Vaginal odor and discomfort can be embarrassing. For some women, it can be a recurring problem. Normally, estrogen causes an increase in glycogen, which then promotes growth of the healthy bacteria, mainly lactobacilli. Vaginal issues often arise from an imbalance of bacteria and yeast leading to Yeast Infections and Bacterial Vaginosis, among others. This can be caused by hormonal changes, diet, sex, antibiotic use, etc.
Ok, so now that we can understand how these changes happen, the next question is how can I minimize my doctor’s visits? There are tons of ways to promote vaginal health and hygiene. The one I will focus on here is by taking a daily probiotic. Many of us know that eating yogurt can help with vaginal health and hygiene. Taking a probiotic is a great way to ensure an adequate ingestion of “good” bacteria, especially for those of us (ahem myself included) who are lactose intolerant.
Probiotics help to recolonize the vaginal tissue with this healthy bacteria, which in turn increases lactic acid production, keeping the pH at a healthy level. There are many brands out there, I have found the best results are those that are refrigerated and have a high bacterial count.
One danger in taking too much bacteria is it can lead to loose stools, which can then cause contamination with the bad bacteria in the vagina. Remember to adjust your dose according to your symptoms.
They say happy wife, happy life. I say happy vagina, happy life.
Dr. Wendy: “Hey Shells, this topic is too good. Can I get in on this one?”
Dr. Shelly: “Sure Wen. Take it away!”
There are some probiotics that have been shown with legitimate evidence to be more effective in repopulating the vagina with normal bacteria over others. Two that are seen repeatedly in the literature are L. rhamnosus, and L. fermentum, later renamed L. reuteri.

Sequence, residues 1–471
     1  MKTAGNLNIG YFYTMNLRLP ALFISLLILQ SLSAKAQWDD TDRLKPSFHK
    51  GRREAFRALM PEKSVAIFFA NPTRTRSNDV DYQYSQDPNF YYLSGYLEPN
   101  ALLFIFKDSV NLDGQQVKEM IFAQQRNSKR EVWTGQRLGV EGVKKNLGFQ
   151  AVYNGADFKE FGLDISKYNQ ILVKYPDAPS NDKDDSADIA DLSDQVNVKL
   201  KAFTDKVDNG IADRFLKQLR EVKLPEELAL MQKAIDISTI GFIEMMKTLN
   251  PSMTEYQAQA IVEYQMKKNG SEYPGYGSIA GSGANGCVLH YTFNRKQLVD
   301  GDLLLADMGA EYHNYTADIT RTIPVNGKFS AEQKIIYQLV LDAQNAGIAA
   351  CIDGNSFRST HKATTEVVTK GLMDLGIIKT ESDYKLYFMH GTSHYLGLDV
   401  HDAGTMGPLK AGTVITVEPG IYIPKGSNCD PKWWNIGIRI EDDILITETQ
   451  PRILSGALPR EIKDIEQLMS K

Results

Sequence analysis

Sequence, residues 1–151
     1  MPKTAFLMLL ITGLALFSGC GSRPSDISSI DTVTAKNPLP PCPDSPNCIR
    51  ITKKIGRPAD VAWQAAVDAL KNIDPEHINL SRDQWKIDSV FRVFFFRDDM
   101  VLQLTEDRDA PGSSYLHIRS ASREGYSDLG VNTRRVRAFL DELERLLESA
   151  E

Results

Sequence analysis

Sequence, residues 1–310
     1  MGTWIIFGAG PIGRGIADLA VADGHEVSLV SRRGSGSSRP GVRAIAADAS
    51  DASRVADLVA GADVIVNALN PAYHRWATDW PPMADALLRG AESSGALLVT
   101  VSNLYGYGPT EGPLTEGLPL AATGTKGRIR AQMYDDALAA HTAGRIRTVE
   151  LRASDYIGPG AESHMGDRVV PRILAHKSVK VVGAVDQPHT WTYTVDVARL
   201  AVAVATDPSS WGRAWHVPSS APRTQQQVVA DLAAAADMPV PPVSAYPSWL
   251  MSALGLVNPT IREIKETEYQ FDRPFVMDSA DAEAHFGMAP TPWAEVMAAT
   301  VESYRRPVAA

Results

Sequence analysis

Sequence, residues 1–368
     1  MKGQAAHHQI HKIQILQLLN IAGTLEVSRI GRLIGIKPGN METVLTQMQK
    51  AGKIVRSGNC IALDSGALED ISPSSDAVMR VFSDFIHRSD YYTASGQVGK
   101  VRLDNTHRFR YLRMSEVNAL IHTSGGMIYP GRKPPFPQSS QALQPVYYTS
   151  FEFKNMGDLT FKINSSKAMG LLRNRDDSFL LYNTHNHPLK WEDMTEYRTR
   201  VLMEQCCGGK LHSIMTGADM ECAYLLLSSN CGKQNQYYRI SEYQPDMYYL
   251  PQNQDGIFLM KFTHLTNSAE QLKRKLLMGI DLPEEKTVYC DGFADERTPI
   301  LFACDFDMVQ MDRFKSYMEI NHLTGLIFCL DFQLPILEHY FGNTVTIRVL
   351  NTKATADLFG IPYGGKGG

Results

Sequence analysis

“Probiotics, especially L. acidophilus, L. rhamnosus GR-1 and L. fermentum (reuteri) RC-14, may be considered as potential empirical preventive agents in women who suffer from frequent episodes of VVC [Vulvovaginal candidiasis] (more than three episodes per year), since adverse effects from their use are scarce…”
“L. rhamnosus GR-1 and L. reuteri RC-14 probiotic group [led to more] lactobacilli-dominated normal vaginal microbiota restored from a BV [bacterial vaginosis] vaginal flora…”
Other ways to reduce external vaginal odor are:
- Get out that electric shaver and trim the hedges. Hair can hold odor, so image aside, occasionally you just need to start afresh (pun intended). Electric shavers are not painful and will leave less, if any, ingrown hair or razor bumps.
- Consider stainless steel (unless you have a metal allergy!). There are stainless steel body bars that can be used in the shower that can remove odors in the same way that your stainless steel kitchen faucet can get that onion and garlic smell off of your hands. This is due to some kind of chemical reaction that I can’t explain, but really does reduce odor.
- Alcohol, but be careful. Bacteria on the external skin of the groin can make odors waft even after a good shower. A light application of rubbing alcohol on a cotton ball to the external skin can cut down on odors. If you aren’t careful and accidentally douse the vagina itself, be ready for the burn. There is no role for alcohol on the inside of the vagina, ever. Beware.
Whether you think you smell like a pond, or a bag of White Castle hamburgers, hopefully these tips will help you stay fresh. Always consult with your doctor if you have questions. Don’t let your lady parts take you down.